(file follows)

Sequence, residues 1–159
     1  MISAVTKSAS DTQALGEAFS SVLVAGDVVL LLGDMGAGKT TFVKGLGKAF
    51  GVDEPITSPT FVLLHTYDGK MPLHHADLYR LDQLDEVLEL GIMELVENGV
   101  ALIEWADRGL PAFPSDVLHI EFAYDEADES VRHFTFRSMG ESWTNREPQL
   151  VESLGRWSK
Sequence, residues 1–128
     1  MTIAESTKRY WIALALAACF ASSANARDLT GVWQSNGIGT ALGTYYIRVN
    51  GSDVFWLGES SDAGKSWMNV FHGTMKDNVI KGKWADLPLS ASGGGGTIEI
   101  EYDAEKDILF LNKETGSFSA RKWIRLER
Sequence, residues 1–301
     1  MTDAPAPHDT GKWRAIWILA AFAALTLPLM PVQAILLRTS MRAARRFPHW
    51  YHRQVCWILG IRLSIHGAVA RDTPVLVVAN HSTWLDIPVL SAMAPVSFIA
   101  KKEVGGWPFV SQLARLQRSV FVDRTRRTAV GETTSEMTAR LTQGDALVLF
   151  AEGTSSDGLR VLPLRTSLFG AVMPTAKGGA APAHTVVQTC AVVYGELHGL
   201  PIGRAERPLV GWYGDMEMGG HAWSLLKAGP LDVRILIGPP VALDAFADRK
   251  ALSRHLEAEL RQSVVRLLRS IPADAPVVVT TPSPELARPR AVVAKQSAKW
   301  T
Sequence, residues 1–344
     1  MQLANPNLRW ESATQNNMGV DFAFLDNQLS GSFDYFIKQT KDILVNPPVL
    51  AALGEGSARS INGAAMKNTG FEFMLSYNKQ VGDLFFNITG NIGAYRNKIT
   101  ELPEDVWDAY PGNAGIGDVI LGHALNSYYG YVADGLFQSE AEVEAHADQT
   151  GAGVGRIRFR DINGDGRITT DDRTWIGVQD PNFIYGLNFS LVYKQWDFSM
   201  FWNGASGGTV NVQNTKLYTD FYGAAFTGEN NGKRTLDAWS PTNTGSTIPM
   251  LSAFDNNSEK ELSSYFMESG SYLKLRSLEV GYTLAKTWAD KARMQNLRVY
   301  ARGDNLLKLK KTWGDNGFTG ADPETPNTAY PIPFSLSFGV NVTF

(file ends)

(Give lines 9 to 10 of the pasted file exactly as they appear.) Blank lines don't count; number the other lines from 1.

   101  EYDAEKDILF LNKETGSFSA RKWIRLER
Sequence, residues 1–301